Dir: Lewis Coates aka Luigi Cozzi
Stars: Marjoe Gortner, Caroline Munro, David Hasselhoff, Robert Tessier, Christopher Plummer, Joe Spinell
Speaking off Star Wars knockoffs that are a lot of fun, there is also Star Crash, which stars Caroline Munro as Stella Star, a roguish, lovable space outlaw who travels through space with her odd, superpowered companion Arkton, portrayed by the former evangelical child minister Marjoe Gortner. After pursuit and capture, the pair is eventually called for an assignment from the benevolent Emperor of the galaxy, played by Christopher Plummer, to find his missing son, lost when three launches took off from a space ship being attacked by the Doom Machine belonging to the diabolical Count Zarth Arn. Stella is joined by two space cops, the likable but oddly named Elle, a robot, and a blue humanoid alien named Thor, not to be confused with the thunder god, portrayed by the Dr. Evil-esque Robert Tessier.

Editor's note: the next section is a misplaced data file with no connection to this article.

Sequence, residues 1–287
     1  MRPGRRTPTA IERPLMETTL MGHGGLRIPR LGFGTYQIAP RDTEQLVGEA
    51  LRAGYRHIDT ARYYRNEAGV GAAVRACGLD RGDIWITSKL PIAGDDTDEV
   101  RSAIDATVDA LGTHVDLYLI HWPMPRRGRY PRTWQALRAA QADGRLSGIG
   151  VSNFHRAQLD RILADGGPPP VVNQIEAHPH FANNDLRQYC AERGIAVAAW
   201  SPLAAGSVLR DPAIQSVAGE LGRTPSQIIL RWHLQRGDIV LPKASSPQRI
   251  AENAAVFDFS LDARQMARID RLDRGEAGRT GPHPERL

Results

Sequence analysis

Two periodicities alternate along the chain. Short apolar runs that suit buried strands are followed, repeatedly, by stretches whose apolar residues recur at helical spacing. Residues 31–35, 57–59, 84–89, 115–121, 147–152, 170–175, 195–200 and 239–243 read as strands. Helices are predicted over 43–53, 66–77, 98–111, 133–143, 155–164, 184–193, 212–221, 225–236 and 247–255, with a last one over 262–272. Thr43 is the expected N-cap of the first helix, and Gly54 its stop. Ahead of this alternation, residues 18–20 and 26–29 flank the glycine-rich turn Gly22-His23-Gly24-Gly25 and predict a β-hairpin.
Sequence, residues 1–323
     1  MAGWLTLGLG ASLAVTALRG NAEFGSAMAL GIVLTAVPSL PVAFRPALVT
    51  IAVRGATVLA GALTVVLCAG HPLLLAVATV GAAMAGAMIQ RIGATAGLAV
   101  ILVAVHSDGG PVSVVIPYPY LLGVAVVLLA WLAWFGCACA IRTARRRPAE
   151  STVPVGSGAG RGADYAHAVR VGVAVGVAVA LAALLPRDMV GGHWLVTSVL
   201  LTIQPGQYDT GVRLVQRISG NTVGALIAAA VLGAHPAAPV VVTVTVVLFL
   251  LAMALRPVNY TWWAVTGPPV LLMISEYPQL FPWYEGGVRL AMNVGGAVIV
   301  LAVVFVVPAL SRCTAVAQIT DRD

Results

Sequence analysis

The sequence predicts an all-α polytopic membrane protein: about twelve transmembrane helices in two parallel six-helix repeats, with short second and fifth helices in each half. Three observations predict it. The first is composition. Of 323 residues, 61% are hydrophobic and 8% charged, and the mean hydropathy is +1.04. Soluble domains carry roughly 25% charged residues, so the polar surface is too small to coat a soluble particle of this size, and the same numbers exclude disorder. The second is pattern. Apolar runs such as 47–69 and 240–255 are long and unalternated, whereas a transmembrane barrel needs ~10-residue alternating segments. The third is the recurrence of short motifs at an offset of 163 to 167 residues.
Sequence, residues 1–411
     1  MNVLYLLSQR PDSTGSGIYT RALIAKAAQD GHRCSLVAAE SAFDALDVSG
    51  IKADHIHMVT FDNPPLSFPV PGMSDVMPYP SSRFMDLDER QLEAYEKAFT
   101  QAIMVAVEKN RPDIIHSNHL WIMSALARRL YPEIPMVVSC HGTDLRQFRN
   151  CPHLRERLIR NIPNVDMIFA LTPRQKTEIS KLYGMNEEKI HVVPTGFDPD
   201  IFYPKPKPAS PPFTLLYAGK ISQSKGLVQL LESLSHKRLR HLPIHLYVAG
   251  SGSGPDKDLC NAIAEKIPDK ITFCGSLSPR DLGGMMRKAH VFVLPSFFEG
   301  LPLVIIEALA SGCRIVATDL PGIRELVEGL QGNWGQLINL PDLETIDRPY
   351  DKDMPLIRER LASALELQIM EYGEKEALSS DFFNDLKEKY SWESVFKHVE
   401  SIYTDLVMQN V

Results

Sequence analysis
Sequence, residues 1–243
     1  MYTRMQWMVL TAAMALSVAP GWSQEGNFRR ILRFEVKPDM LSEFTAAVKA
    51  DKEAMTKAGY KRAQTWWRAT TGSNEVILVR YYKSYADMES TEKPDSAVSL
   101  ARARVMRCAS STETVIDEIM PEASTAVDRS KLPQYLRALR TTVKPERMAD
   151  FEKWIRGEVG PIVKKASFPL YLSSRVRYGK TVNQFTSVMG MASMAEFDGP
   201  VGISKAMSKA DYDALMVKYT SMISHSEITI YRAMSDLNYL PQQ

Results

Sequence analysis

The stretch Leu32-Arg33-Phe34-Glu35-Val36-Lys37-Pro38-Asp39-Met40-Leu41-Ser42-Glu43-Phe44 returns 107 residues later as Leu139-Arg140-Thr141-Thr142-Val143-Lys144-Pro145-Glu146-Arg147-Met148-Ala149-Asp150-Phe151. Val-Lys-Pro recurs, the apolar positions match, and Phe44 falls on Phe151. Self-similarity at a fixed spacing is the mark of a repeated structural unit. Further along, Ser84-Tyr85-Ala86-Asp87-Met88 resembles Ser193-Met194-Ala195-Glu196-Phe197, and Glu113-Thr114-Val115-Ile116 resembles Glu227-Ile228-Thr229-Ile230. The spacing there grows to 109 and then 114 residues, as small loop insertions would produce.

The search for the missing son, who eventually turns out to be none other than the Hoff, is a lot of fun to watch as the heroes explore the planets where the launches crashed, finding various perils such as a tribe of scantily clad space amazons, of course, their giant robot, an ice planet that gets even colder at night, and a planet full of what seem to be mutant cavemen. When the son, wielding a fairly unapologetic light sabre clone, is finally located, they then have to come up with a way of defeating the evil count and his Doom Machine, though only after an epic battle between Arkton and two creepy looking stop motion sword fighting robots. These and several other creatures in the film show the distinct influence of Ray Harryhausen.